It should be appreciated that a number of schemes or protocols may be used to control the firing of the sources 206 i and to appropriately shift or adjust the operating states of the sensor stations 208. As described above, the CSC 500 may be programmed to initiate firing of the sources 206 i only after the queue includes a preset minimum of sources 206 i that report as ready to fire and the firing order may be based on the order in which the sources 206 i reported to the CSC 500. The time interval between the firings may be selected to ensure that the sensor stations have adequate time to receive and record the seismic data. Moreover, the list or queue may be dynamic in that sources 206 i may be added to the queue as the prior members in the queue are fired. Still further, the protocol for setting the sequence in which the sources 206 i are fired may include layers of complexity. For example, a predictive model may be used to optimize the firing order or sequence. The predictive model may rearrange the firing order to improve data quality, reduce operating time, etc. For example, a predictive model may use a Geographic Information System (GIS) database, data from previous shoots, well data, historical data, etc. Furthermore, while the above described methods utilize human intervention to control the firing of the sources 206 i, in certain applications of the present disclosure, a programmed controller may exert full command and control over a specified activity with no human intervention.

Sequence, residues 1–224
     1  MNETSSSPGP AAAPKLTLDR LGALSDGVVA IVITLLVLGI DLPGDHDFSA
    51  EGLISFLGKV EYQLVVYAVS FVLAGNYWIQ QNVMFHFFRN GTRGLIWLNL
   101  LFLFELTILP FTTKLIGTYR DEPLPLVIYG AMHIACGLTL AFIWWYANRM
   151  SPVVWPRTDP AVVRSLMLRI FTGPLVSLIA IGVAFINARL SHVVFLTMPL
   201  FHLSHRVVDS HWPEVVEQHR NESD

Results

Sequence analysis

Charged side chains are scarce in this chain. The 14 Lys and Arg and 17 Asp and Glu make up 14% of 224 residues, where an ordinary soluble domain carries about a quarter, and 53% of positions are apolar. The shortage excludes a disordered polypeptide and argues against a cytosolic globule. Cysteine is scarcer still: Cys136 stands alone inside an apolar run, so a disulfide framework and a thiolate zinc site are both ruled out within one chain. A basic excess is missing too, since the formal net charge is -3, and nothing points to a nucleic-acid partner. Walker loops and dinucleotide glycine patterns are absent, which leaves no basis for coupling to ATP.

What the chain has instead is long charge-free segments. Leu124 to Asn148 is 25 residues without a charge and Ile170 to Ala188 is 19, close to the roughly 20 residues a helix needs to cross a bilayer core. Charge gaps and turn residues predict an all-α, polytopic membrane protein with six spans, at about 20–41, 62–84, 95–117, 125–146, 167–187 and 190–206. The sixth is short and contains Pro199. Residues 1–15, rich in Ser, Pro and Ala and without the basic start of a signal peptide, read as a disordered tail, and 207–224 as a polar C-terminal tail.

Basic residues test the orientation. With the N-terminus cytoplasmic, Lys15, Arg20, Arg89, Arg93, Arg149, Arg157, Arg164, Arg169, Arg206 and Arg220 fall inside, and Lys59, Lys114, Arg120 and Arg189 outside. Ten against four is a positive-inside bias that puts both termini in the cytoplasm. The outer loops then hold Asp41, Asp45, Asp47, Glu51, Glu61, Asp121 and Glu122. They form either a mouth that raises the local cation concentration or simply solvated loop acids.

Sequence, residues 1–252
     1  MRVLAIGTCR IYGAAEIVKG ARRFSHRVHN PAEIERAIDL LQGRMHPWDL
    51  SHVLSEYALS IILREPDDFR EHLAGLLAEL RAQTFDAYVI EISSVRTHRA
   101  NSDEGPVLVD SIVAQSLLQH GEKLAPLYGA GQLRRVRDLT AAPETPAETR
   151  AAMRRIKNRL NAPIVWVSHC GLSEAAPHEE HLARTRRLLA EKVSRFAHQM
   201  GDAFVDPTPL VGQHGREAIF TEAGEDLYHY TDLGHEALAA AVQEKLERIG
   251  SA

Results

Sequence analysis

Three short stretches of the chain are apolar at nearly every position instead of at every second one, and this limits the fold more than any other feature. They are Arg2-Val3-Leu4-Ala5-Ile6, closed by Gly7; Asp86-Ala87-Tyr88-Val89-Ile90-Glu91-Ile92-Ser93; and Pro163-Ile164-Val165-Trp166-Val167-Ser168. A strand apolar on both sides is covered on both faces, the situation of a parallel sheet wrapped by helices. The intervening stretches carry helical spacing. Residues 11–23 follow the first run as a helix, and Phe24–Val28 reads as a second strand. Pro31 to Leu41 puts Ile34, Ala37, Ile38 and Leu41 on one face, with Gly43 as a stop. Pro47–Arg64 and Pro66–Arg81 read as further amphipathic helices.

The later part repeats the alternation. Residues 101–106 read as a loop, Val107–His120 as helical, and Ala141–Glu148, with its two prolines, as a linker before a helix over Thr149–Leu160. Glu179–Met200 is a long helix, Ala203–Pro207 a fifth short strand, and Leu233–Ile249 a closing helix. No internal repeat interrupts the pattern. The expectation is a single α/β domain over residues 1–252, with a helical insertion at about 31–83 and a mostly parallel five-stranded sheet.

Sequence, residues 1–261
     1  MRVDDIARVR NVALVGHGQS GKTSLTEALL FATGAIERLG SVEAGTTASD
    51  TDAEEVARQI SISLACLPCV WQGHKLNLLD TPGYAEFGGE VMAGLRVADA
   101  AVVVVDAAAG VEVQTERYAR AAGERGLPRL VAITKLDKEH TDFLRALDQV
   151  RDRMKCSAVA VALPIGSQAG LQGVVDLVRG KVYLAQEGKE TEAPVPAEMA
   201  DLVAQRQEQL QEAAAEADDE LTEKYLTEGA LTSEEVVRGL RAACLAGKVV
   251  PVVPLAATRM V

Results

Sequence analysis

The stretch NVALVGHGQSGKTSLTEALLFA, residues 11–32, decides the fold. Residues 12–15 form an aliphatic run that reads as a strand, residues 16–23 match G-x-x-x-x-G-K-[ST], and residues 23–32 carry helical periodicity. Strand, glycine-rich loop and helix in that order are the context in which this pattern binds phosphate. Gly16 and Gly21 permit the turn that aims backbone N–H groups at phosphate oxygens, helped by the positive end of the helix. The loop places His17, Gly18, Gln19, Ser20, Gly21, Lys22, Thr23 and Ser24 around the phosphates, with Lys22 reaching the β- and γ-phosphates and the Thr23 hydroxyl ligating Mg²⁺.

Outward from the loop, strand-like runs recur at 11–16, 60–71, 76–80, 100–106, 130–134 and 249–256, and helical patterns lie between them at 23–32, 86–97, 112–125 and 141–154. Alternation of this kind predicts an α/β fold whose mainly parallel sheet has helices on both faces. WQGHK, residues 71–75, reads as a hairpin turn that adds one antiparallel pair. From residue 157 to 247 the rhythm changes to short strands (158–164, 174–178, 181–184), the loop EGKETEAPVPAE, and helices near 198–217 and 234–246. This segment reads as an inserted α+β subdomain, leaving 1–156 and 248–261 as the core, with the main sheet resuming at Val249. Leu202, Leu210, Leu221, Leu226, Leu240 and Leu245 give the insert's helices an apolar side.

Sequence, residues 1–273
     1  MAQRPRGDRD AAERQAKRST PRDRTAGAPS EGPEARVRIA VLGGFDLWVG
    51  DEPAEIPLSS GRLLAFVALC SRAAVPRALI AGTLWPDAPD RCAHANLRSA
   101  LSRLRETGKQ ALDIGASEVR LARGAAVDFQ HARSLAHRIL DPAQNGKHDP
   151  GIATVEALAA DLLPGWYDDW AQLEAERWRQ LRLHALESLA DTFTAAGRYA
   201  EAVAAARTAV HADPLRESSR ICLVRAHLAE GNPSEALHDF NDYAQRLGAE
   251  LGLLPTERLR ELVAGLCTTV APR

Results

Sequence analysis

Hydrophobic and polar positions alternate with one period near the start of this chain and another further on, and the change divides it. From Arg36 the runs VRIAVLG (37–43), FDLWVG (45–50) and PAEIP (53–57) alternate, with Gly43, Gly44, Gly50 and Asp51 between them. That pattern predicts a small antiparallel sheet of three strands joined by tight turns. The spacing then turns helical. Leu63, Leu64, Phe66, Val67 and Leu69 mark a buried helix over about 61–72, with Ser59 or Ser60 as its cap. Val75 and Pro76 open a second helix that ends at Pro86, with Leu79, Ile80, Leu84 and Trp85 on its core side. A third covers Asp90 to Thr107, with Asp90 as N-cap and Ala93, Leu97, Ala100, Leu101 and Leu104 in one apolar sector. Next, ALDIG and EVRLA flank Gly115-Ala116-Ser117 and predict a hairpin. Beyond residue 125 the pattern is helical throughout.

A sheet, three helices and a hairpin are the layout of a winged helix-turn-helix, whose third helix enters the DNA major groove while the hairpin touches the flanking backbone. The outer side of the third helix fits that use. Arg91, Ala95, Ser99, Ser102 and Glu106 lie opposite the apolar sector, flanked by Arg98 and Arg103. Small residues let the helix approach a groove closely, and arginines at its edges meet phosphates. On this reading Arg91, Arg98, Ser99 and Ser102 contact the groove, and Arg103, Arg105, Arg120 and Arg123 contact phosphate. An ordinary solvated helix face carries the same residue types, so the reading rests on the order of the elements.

In another protocol, the CSC 500 may use the encoded data to instruct selected sensor stations to transition to a desired operating state based on an order of the queue. For instance, based on the status of seismic sources 206 i reporting as ready to fire, the CSC 500 may determine that sensor stations identified in one or more templates should be in an operating state for listening and recording data. Thus, the CSC 500 may instruct the sensor stations identified in those templates to transition to listen and record operating state. In one transmission mode, the instruction is sent only to identified sensor stations within the templates. In another transmission mode, the instructions may be broadcast to the spread 210 but include further information that enable each sensor station to determine whether that sensor station is within the relevant templates. Exemplary information for making that determination may be position coordinates, sensor station identification numbers, time, operating state, etc.